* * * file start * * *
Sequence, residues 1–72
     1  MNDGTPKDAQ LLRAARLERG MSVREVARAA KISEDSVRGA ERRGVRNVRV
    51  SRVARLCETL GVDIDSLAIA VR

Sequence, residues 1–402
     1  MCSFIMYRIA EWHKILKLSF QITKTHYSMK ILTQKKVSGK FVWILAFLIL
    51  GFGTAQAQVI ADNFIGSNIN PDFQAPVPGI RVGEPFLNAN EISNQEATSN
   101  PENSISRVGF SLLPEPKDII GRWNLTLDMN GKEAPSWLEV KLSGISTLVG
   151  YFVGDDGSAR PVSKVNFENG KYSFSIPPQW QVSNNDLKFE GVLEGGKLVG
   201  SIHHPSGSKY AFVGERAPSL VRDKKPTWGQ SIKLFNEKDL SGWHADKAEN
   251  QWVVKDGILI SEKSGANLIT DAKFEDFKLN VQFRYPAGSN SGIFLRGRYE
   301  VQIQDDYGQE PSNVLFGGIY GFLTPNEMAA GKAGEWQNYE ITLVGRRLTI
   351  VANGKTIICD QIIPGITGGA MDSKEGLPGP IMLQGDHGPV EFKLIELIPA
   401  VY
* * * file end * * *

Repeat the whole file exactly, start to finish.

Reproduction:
Sequence, residues 1–72
     1  MNDGTPKDAQ LLRAARLERG MSVREVARAA KISEDSVRGA ERRGVRNVRV
    51  SRVARLCETL GVDIDSLAIA VR

Sequence, residues 1–402
     1  MCSFIMYRIA EWHKILKLSF QITKTHYSMK ILTQKKVSGK FVWILAFLIL
    51  GFGTAQAQVI ADNFIGSNIN PDFQAPVPGI RVGEPFLNAN EISNQEATSN
   101  PENSISRVGF SLLPEPKDII GRWNLTLDMN GKEAPSWLEV KLSGISTLVG
   151  YFVGDDGSAR PVSKVNFENG KYSFSIPPQW QVSNNDLKFE GVLEGGKLVG
   201  SIHHPSGSKY AFVGERAPSL VRDKKPTWGQ SIKLFNEKDL SGWHADKAEN
   251  QWVVKDGILI SEKSGANLIT DAKFEDFKLN VQFRYPAGSN SGIFLRGRYE
   301  VQIQDDYGQE PSNVLFGGIY GFLTPNEMAA GKAGEWQNYE ITLVGRRLTI
   351  VANGKTIICD QIIPGITGGA MDSKEGLPGP IMLQGDHGPV EFKLIELIPA
   401  VY